Third, Dr. Whitney provides the proper motivations to begin or to continue practicing family worship. Whitney presents dual motivations for family worship. The first benefit is the worthiness of God for worship. This is obvious and cannot be overlooked. The second benefit is the blessings to the family. This motivation may be overlooked because family worship is often seen as an inconvenience rather than a benefit. But Whitney uses testimonies throughout the book of families who have been drawn closer together because they worshipped together in their homes.

Another strong point of the book is its survey of what church leaders throughout history have said about family worship. This survey, while necessarily brief, adds to the weight of the argument for family worship. Christians should be encouraged and challenged to practice family worship when they see that it has been a regular part of the practice of the Church from the beginning.

Finally, the book excels as a manual of practice for pastors who want to teach family worship and for families who want to learn family worship. The method of family worship that is presented is simple. Almost any family can find a few minutes every day to read the Bible, pray together, and sing. No one needs to prepare a lesson. The family just needs to gather together to read, pray, and sing. Family worship is simple and accessible. Even the additional components of family worship that Dr. Whitney introduces, such as catechism, scripture memory, and reading other books can be done without demanding inordinate amounts of time from families.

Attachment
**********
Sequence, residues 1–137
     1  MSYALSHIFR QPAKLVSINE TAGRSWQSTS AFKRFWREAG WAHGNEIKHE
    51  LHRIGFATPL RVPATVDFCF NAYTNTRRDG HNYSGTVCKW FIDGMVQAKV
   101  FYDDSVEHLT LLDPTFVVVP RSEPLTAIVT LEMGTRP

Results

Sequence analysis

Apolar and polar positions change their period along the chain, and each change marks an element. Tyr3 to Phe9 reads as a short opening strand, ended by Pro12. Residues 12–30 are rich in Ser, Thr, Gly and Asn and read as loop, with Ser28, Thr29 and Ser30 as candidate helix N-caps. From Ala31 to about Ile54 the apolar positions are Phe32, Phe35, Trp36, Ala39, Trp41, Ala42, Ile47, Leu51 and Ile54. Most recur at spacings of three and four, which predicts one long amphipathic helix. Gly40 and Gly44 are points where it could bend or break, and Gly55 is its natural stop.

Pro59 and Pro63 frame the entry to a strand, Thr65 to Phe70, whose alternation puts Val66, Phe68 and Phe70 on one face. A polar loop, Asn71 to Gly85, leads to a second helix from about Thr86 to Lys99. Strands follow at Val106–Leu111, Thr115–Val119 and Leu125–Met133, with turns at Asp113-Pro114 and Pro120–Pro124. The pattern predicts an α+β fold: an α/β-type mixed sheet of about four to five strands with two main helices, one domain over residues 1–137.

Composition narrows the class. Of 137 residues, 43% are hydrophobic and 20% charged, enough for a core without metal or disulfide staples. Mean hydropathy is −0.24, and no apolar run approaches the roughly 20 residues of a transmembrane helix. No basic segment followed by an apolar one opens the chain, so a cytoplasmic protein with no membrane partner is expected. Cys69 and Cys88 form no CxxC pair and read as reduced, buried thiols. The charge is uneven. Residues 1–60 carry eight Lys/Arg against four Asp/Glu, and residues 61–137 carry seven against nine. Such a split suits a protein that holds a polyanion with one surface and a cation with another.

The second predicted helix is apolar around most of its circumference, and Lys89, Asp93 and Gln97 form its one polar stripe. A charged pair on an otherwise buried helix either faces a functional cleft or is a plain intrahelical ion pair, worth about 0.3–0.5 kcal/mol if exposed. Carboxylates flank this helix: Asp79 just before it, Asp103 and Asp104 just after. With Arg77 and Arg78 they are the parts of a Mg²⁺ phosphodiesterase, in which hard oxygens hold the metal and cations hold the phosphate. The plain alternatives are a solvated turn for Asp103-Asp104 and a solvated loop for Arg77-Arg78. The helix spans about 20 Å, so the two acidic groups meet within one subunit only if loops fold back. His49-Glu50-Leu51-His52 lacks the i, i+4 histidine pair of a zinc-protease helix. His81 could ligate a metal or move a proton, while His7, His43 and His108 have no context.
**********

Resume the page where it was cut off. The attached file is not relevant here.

Pastors and families who want to teach or learn family worship are reminded of three pieces of advice. First, be brief. This is wise especially for families with younger children. Second, be regular. False starts and inconsistency in family worship can frustrate a family. Regularity will form habit and appreciation. Third, be flexible. Families can and should work together to find what works for them.

Many pastors and families will also find the chapter on unusual situations to be very helpful. Dr. Whitney has recognized the reality that many families will find family worship difficult or even awkward based on their unique situations. He has provided an excellent resource in this chapter for pastors who need to counsel families through these situations or for families who face them.

Family Worship is an excellent introduction to the practice of family worship. As a brief introduction, it does not answer every question on the topic. But it does give the student a good start in learning the importance and practice of family worship. It could easily be used as a textbook for a class on the Christian home or as a resource for lectures on the family life of a minister. The book is not aimed at the academy, yet biblical-theological students would do themselves a great disservice to ignore this book. It will equip them to lead worship for their own families and to model and teach family worship to those whom they will serve in the ministry.

Bradley Sinclair

The Baptist Church at Andover, Lexington, KY

Midwestern Baptist Theological Seminary